Hogan Lovells

Key Dates

Mitchells & Butlers Pensions Limited v Mitchells & Butlers plc [2021] EWHC 3017 (Ch).

Judgment given on 12 November 2021.


Summary

The High Court has given judgment in a case concerning the rectification of a pension increase rule. 

Pension increase rule

The pension increase rule in the 1988 Trust Deed and Rules provided for pensions in payment to increase by the lower of 4% and the “Official Index of Retail Prices”.  The “Official Index of Retail Prices” was defined as the index of retail prices published by the Department of Employment or “any other index selected by the Trustees”.  The 4% limit was increased to 5% in 1991 as part of an arrangement for use of surplus. 

The 1988 Deed and Rules were superseded by the 1996 Deed and Rules (and subsequently by further trust deeds and rules in 2002 and 2006). The 1996 Rules (and the 2002 Rules and the 2006 Rules) provided for pensions in payment to increase in line with RPI to a maximum of 5% “or any other rate decided by the Principal Employer”. 

The current principal employer (“M&B”) accepted that there had been mistakes in the drafting of the 1996 Deed and Rules (and in the subsequent 2002 Deed and Rules) and that the mistake was rectifiable against the principal employer at the time of those deeds.  However, M&B had become principal employer in 2003 and it argued that, in assuming this role in 2003, it was a bona fide purchaser for value without notice and so took free from the trustee’s equitable claim for rectification. 

Was the new principal employer a bona fide purchaser for value?

The Court held that M&B could not rely on the bona fide purchaser doctrine.  The starting point was the power under the trust deed to replace the principal employer.  This power was concerned with substitution and succession of the principal employer and its proper purpose was to preserve the scheme for the benefit of the members, not to agree the sale of property for consideration under which the trustee could potentially release members’ rights.       

Amendment power: consultation with actuary

The 1988 Deed and Rules gave the trustees power to amend the scheme with the principal employer’s consent, subject to:

The Court held that it was for the trustee as the consulting party to identify the matters on which consultation was required and to give sufficient information to the person consulted to enable it to give helpful advice.  The actuary had been sent the proposed 1996 Deed and Rules, with some accompanying material which identified certain other amendments but not the alteration to the pension increase rule.   The Court concluded that there had not been consultation on the alteration to the pension increase rule in the 1996 Deed and it followed that the amendment was invalid.  Using similar reasoning, subsequent amendment of the pension increase rule by the 2002 or 2006 Deeds was also invalid for failure to satisfy the consultation requirement.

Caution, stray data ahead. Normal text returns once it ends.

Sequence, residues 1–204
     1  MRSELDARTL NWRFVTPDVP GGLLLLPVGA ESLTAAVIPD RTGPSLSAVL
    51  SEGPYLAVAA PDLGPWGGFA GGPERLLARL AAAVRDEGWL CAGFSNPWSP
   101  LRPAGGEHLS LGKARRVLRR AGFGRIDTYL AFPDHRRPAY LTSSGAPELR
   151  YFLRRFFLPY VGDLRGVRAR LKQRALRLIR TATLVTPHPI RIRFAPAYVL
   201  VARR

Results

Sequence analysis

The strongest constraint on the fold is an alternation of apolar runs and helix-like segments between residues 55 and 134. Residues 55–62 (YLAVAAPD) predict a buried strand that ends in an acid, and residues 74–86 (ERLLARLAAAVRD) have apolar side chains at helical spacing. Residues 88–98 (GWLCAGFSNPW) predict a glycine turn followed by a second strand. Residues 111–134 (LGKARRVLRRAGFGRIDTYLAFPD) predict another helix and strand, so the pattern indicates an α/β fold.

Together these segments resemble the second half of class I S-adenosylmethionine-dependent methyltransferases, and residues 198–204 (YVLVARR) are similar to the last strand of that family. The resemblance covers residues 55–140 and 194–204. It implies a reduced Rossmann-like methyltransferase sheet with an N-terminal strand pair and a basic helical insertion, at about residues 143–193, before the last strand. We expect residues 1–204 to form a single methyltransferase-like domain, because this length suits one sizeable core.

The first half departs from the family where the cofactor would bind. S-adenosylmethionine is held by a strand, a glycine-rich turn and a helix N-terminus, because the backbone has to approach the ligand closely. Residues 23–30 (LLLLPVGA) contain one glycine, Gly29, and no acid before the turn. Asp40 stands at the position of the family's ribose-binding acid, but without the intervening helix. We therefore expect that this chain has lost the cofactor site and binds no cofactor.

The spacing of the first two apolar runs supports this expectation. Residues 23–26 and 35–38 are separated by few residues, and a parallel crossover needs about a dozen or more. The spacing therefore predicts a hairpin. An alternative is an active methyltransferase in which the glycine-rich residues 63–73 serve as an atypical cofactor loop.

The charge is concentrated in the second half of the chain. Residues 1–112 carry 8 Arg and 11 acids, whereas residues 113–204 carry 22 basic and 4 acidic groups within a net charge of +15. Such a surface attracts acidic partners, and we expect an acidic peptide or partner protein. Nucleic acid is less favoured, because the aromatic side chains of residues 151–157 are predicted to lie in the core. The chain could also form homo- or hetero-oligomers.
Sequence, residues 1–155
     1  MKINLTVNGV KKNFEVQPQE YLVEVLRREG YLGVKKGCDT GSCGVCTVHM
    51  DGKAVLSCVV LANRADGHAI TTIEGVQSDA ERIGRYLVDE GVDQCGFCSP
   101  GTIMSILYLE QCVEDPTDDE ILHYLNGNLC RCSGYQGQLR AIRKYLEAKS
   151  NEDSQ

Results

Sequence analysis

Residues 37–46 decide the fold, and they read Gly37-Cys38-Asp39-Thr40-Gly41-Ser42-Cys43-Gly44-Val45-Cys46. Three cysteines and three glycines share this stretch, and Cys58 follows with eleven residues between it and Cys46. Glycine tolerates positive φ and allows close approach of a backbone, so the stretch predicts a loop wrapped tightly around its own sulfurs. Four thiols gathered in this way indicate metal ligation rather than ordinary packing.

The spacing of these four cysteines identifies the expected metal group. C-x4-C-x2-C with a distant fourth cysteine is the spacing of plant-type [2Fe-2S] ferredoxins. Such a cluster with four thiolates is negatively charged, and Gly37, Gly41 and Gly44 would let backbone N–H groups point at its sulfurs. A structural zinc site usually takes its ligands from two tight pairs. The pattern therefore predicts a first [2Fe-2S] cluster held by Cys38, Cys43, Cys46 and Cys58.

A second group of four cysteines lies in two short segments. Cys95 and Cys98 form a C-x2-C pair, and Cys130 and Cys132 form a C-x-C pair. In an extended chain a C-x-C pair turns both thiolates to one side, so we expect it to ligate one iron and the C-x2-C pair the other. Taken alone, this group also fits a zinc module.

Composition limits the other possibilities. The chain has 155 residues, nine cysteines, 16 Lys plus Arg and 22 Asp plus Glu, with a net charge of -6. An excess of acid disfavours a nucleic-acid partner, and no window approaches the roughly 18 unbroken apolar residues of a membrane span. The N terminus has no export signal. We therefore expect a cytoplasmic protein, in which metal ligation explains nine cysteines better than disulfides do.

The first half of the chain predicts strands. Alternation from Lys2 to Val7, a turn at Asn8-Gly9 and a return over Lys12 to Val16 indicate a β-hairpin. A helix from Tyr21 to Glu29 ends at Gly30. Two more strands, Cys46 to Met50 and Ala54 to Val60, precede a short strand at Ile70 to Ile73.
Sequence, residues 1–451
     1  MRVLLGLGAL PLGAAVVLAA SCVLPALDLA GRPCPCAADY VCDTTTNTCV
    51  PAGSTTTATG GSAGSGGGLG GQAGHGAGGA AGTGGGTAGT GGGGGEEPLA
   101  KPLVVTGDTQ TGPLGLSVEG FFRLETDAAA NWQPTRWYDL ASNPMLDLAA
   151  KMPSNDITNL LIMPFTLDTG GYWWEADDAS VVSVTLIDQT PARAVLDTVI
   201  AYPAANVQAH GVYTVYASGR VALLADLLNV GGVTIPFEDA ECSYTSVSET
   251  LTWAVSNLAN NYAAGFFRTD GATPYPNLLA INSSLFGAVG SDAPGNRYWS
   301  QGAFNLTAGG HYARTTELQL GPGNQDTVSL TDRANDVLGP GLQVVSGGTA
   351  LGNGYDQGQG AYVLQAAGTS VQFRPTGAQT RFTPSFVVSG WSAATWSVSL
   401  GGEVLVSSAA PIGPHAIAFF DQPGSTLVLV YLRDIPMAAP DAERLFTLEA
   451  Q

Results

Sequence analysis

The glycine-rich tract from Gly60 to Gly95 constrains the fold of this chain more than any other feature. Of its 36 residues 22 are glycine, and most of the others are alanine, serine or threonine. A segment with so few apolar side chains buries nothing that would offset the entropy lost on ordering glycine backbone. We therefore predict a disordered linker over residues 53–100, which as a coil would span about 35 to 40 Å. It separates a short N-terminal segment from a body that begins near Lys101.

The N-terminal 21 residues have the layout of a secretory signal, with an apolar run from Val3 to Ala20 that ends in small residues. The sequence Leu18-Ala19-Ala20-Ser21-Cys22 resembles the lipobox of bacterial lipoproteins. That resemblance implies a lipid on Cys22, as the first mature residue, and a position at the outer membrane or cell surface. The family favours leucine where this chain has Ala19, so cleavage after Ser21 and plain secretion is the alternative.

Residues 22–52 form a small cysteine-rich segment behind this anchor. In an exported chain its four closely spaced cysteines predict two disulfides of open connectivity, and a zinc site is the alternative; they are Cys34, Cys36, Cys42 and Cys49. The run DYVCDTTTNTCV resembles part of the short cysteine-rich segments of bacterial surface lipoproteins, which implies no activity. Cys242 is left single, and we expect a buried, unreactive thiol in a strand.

Did section 67 impact any of the amendments?

Section 67 Pensions Act 1995 was not yet in force at the time of the 1996 Deed but had come into force by the time of the 2002 Deed.  The Court considered the impact of section 67 on amendments made by the 2002 Deed, on the assumption that the pension increase amendments first had effect in the 2002 Deed.

M&B argued that the actuary had been asked to give a section 67 certificate with regard to the statutory criteria and had done so.  The trustee countered that the certificate had not been directed at the relevant modification and so section 67 had not been complied with.  The Court agreed with the trustee and held that the pension increase changes as reflected in the 2002 Deed were therefore invalid and of no effect.

By the time of the 2006 Deed, section 67 had been amended so that (among other changes), an amendment which did not satisfy the statutory requirements was not void but was voidable at the instance of the Pensions Regulator.  The Court refused to make a declaration on the potential voidability of amendments under the 2006 Deed.  In light of the Court’s other conclusions it was unclear why such a declaration was necessary and, if needed, the trustee could rely on the Court’s findings. 



Date Accessed: 28/05/2022